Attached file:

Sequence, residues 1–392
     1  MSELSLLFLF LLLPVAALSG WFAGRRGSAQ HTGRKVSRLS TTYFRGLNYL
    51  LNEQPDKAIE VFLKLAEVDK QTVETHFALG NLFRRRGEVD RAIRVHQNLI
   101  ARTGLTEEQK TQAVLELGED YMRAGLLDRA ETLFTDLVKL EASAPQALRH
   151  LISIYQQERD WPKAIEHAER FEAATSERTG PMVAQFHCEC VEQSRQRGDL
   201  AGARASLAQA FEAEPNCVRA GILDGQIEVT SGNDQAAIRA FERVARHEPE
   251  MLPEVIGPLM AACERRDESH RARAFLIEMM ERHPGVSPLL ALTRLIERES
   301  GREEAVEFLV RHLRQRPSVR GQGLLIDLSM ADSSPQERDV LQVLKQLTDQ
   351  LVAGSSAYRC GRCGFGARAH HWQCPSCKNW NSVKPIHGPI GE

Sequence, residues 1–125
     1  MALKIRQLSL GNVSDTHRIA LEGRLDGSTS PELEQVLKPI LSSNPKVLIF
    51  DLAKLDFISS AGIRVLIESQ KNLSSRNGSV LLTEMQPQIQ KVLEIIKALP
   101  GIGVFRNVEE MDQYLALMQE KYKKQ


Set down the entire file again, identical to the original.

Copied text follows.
Sequence, residues 1–392
     1  MSELSLLFLF LLLPVAALSG WFAGRRGSAQ HTGRKVSRLS TTYFRGLNYL
    51  LNEQPDKAIE VFLKLAEVDK QTVETHFALG NLFRRRGEVD RAIRVHQNLI
   101  ARTGLTEEQK TQAVLELGED YMRAGLLDRA ETLFTDLVKL EASAPQALRH
   151  LISIYQQERD WPKAIEHAER FEAATSERTG PMVAQFHCEC VEQSRQRGDL
   201  AGARASLAQA FEAEPNCVRA GILDGQIEVT SGNDQAAIRA FERVARHEPE
   251  MLPEVIGPLM AACERRDESH RARAFLIEMM ERHPGVSPLL ALTRLIERES
   301  GREEAVEFLV RHLRQRPSVR GQGLLIDLSM ADSSPQERDV LQVLKQLTDQ
   351  LVAGSSAYRC GRCGFGARAH HWQCPSCKNW NSVKPIHGPI GE

Sequence, residues 1–125
     1  MALKIRQLSL GNVSDTHRIA LEGRLDGSTS PELEQVLKPI LSSNPKVLIF
    51  DLAKLDFISS AGIRVLIESQ KNLSSRNGSV LLTEMQPQIQ KVLEIIKALP
   101  GIGVFRNVEE MDQYLALMQE KYKKQ